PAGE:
“Reimagining the Peace Corps for the next 60 ” by Daniel F. Runde

Thanks for the ‘heads up’ from Steve  Kaffen (Russia 1994-96)


from The Hill

by Daniel F. Runde, Opinion Contributor



The Peace Corps celebrates its 60th anniversary this year, but due to the COVID-19 pandemic there are currently no Peace Corps volunteers serving abroad. As the Peace Corps program practices resiliency and adapts to a post-COVID landscape, it should also use this moment to answer long-existing questions that can redirect the Peace Corps to a more impactful and relevant future.

About the Peace Corps

The book “The Ugly American” caused a sensation in foreign policy and national security circles when it was released in 1958. It painted Americans as arrogant, out of touch, and insensitive to the needs of the rapidly de-colonizing developing world. It was so influential that then-Senator John F. Kennedy bought 99 copies of the book and gave it to every other Senator to read. “The Ugly American” was the impetus for major foreign policy changes in how we engage with the world. As president, Kennedy signed the Foreign Assistance Act of 1961 creating USAID, initiated the Alliance for Progress in Latin America, and launched the Peace Corps.

The Peace Corps was envisioned to “promote world peace and friendship” by sending Americans to work on a grassroots level in developing countries. Over the years, the Peace Corps has sent over 240,000 Americans to 143 countries. Numerous volunteers have gone on to have successful careers across the U.S. government. There are several dozen countries where country expertise comes from former Peace Corps volunteers.

The Peace Corps is a good thing. Having volunteers commit to two years of service in another country contributes to international understanding and diplomacy.

At the same time, the world has significantly changed. Before 1991, there were no Peace Corps volunteers in Central Asia or Eastern Europe. Some countries have become too dangerous to have volunteers (I.e., El Salvador, Mali). Because of globalization, there has been a proliferation of shorter-term volunteer initiatives also trying to leverage American volunteerism (I.e., International Executive Service Corps, Farmer to Farmer). Unlike 1961, English is now the global lingua franca, and 40 percent of Peace Corps volunteers teach English, math, and science.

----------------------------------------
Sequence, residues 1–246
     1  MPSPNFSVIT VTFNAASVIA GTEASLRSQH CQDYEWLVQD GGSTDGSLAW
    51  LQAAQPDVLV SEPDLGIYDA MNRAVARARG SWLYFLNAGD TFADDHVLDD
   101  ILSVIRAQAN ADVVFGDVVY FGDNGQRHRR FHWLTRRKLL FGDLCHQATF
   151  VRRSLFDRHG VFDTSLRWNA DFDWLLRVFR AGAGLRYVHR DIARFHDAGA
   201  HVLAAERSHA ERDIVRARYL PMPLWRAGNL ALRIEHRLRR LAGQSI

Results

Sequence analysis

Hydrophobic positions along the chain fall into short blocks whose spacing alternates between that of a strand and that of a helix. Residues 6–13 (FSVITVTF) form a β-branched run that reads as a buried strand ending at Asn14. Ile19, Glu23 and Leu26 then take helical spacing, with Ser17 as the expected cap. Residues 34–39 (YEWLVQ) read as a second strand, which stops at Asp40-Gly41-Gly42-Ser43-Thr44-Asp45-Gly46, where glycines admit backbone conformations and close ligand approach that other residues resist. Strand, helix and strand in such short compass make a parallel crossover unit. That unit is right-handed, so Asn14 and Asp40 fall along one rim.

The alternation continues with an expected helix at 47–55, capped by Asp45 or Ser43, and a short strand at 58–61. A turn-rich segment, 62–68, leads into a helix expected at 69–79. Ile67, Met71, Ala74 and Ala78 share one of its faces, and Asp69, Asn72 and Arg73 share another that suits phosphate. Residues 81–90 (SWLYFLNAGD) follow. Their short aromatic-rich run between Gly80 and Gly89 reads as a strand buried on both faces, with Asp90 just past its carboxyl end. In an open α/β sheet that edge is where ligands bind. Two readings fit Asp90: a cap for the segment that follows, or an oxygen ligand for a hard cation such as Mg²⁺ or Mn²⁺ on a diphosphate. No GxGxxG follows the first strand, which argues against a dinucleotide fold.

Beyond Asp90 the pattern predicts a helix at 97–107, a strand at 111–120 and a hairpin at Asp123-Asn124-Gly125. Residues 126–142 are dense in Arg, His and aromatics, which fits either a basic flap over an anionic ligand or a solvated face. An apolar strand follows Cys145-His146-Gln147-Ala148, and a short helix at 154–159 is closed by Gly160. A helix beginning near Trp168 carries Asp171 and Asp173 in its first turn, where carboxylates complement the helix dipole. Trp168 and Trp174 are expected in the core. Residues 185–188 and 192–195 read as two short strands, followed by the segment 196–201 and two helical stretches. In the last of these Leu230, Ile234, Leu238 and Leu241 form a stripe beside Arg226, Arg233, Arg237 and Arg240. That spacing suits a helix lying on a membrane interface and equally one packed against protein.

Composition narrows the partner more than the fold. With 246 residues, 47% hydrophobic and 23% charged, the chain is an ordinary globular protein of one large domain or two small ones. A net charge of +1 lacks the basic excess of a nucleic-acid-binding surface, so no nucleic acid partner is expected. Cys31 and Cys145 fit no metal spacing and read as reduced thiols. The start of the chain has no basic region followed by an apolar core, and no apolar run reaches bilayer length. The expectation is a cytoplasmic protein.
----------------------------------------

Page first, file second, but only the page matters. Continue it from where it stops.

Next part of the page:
Questions for the Peace Corps

There have been several revisions to the Peace Corps over the decades. On the 60th anniversary of the Peace Corps, we need to answer long-standing questions about it and consider its direction for the next 60 years.

One question is: Where should we deploy volunteers in the age of great power competition? We could continue to deploy Peace Corps volunteers where we have traditionally deployed volunteers: where volunteers can make a difference. Or, we might consider geopolitical considerations more heavily than we have in the past to optimize engagement. The Peace Corps has slowly trended in that direction, narrowing its scope from 69 countries in 2009 to 61 countries in 2020, and terminating some country-specific technical programs. There is also a reasonable argument to increase volunteers to population growth centers in Africa, the Indo-Pacific, Central Asia, and South Asia.

Another question we should ask is: What kinds of Peace Corps volunteers should we send? The quintessential Peace Corps volunteer is a college graduate. However, the Peace Corps has worked at trying to tap into a cohort of older volunteers with specific technical expertise, which is a welcome change. There is potential to do more with military veterans who could enter the Peace Corps after completing their active-duty service. Veterans might get preferential treatment to encourage more veterans in the Peace Corps. The Peace Corps has been a historic feeder to USAID and other development and diplomatic agencies. In the developing world of the future, we will need government officials who are comfortable in security-ambiguous locales.